There is evidence of the union collecting salaries for nonexistent teachers. One of the provisions of the reform requires the National Statistics Institute to ascertain how many teachers are actually employed by the Mexican state. Mexico’s new president, López Obrador, promised during his campaign that he would replace the current reform proposal with his own and increase public education spending. Nevertheless, the new draft of the education reform retained a major part of his predecessor’s reform. As a result, he made the powerful Coordinadora Nacional de Trabajadores de la Educación (CNTE), which had supported him in the election campaign, a political opponent. Elba Esther Gordillo, the long-time president of the other major teachers’ union Sindicato Nacional de Trabajadores de la Educación (SNTE), described the new reform as “old wine in a new bottle.” After lengthy negotiations, however, the education reform was passed in May 2019. The reform eliminates the INEE, it establishes that initial education (from 0 to 3 years) is mandatory and that the state must guarantee access to higher education.

Higher education is faces several major challenges. Mexico’s student population increased from 2 million students in 2001 to 4.5 million in 2018. Universities need to adapt to this higher demand, and align study programs with the needs of a developing and diversifying economy. Nevertheless, the tertiary enrollment rate is still far below those of other major Latin American countries. As in most other countries in the region, private education is generally of much higher quality in Mexico. At every level, privately educated students typically outperform students enrolled in public schools.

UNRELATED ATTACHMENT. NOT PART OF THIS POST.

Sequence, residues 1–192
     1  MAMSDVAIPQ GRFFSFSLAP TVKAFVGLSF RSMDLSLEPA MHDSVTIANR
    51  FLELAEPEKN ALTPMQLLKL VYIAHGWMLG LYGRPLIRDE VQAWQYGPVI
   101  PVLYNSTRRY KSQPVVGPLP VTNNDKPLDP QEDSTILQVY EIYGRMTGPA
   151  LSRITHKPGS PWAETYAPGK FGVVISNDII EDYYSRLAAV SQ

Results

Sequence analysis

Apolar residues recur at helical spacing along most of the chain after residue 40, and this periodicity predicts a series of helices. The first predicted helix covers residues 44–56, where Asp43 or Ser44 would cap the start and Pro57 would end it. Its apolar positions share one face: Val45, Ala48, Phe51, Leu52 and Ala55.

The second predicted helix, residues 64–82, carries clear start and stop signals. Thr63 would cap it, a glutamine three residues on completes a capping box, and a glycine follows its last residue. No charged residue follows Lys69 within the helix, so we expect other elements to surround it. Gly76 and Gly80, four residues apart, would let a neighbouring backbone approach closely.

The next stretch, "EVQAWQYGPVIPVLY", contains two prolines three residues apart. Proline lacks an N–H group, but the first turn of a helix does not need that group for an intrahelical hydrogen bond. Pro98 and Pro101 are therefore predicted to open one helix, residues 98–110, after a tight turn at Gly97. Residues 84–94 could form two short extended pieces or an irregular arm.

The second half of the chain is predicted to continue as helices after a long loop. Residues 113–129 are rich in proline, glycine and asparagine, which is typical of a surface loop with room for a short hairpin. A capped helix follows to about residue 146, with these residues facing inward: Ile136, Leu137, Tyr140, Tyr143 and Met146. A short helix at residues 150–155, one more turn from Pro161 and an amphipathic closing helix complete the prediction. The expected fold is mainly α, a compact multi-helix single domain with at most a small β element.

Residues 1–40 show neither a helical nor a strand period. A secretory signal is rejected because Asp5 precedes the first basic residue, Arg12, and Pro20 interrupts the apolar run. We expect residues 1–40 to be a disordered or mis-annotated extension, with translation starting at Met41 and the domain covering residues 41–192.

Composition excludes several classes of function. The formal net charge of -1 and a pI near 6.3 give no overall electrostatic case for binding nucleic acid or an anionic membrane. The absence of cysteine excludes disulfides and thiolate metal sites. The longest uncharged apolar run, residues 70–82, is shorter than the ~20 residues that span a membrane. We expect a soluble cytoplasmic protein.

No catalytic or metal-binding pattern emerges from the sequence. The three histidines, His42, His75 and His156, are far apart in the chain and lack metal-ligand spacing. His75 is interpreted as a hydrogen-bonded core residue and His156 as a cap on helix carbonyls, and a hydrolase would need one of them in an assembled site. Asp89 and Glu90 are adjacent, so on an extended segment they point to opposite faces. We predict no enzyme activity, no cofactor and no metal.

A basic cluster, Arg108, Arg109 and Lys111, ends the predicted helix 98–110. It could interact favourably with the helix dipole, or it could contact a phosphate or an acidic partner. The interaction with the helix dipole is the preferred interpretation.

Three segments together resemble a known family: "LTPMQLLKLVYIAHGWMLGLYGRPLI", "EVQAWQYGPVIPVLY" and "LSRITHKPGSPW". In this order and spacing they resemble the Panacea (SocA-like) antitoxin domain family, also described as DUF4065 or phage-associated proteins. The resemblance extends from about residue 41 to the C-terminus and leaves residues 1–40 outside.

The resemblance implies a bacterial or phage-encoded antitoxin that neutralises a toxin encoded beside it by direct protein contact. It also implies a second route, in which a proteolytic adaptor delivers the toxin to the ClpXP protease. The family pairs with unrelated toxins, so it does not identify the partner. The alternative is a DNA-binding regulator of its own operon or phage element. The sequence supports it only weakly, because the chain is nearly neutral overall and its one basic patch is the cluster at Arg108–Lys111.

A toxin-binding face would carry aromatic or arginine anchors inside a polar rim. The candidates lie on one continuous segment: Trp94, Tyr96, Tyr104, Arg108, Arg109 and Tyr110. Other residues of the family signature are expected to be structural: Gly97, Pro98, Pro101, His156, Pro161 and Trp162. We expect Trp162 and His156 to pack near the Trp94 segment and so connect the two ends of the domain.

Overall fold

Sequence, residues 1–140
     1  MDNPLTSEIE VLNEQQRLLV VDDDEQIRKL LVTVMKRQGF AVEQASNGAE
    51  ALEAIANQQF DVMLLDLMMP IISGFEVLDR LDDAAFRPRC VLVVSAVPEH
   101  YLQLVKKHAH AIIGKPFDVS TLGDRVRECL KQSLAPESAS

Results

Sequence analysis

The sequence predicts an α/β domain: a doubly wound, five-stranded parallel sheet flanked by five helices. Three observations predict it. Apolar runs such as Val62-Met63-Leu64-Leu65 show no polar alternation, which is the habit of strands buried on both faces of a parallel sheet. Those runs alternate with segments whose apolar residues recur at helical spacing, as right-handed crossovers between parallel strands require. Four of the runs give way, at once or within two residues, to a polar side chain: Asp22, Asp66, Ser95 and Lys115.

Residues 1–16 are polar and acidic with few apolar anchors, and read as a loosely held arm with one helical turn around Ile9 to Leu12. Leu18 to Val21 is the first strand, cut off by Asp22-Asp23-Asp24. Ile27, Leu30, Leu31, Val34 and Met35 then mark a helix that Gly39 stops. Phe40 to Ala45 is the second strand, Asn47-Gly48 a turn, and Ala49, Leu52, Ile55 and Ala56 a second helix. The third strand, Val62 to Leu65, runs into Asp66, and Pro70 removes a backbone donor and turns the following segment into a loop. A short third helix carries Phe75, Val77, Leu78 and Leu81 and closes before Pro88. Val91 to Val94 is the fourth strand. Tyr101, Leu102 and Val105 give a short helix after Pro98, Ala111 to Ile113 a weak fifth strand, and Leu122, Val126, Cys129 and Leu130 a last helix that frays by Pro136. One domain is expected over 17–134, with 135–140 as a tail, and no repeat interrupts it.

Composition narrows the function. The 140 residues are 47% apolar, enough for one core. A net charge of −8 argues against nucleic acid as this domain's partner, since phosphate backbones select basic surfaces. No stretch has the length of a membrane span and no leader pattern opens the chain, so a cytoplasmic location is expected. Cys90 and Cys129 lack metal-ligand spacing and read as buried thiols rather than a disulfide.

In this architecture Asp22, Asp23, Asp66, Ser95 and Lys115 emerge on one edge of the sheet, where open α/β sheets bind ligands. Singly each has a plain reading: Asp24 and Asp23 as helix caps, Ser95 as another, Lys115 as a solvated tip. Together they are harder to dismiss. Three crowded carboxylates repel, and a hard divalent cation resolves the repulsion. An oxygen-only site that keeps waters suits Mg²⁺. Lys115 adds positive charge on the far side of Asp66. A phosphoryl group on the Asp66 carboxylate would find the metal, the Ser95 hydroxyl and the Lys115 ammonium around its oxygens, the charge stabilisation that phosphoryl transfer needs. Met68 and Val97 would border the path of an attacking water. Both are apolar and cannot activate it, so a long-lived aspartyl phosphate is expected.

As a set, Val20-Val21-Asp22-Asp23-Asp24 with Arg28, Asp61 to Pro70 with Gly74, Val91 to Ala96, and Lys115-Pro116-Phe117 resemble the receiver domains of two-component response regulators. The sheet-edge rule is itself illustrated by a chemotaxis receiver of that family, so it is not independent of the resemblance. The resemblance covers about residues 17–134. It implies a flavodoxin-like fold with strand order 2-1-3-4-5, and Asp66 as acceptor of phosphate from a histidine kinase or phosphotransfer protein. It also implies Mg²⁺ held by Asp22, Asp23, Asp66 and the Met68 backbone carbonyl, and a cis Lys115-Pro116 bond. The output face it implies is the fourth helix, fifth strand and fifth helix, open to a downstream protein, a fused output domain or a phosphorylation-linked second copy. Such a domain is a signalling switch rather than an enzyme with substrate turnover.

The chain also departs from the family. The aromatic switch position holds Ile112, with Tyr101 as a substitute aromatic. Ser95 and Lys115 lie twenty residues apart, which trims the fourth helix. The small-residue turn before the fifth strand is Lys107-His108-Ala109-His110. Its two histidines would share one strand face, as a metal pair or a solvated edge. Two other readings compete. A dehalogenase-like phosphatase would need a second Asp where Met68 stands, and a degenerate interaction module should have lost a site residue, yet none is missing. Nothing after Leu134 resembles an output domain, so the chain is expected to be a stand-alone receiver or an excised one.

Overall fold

Citations:
https://www.oecd-ilibrary.org/docserver/9789264312548-en.pdf?expires=1574424513&id=id&accname=ocid49018577&checksum=4CF0AF65E466B51A5304F1BB3F2DE855
https://www.latinnews.com/component/k2/item/79850.html?archive=33&Itemid=6&cat_id=816958:mexico-new-ally-and-old-foe-give-lopez-obrador-headache
https://elpais.com/internacional/2019/05/15/mexico/1557936540_934347.html
https://elpais.com/internacional/2019/02/08/mexico/1549581066_521979.html
https://wenr.wes.org/2019/05/education-in-mexico-2

Social Inclusion

#37

To what extent does social policy prevent exclusion and decoupling from society?

10
 9

Policies very effectively enable societal inclusion and ensure equal opportunities.
 8
 7
 6


For the most part, policies enable societal inclusion effectively and ensure equal opportunities.
 5
 4
 3


For the most part, policies fail to prevent societal exclusion effectively and ensure equal opportunities.
 2
 1

Policies exacerbate unequal opportunities and exclusion from society.
Social Inclusion Policy
4
Mexico is a socially hierarchical society along a number of dimensions: educational, racial and financial. While democratization has somewhat reduced the most flagrant social divisions, Mexican governments have not been capable or willing to bring substantial change. Moreover, the Mexican state is too weak to carry out major social reforms and there is strong resistance against wealth redistribution. Among OECD countries Mexico has one of the highest income concentration indexes, with a Gini coefficient of 0.48 in 2016 (according to the World Bank).

Nevertheless, there is some evidence that public policy has improved the distribution of income in Mexico during the last two decades. The Gini coefficient has come down slightly.

A government policy to address extreme poverty and the lack of adequate sources of food has been effective since 2012, called the Cruzada Nacional Contra el Hambre with its Food Support Program. The policy was intended to reach more than seven million people and has been praised for its effectiveness. It created a database of beneficiaries who were not receiving cash transfers through other government agencies.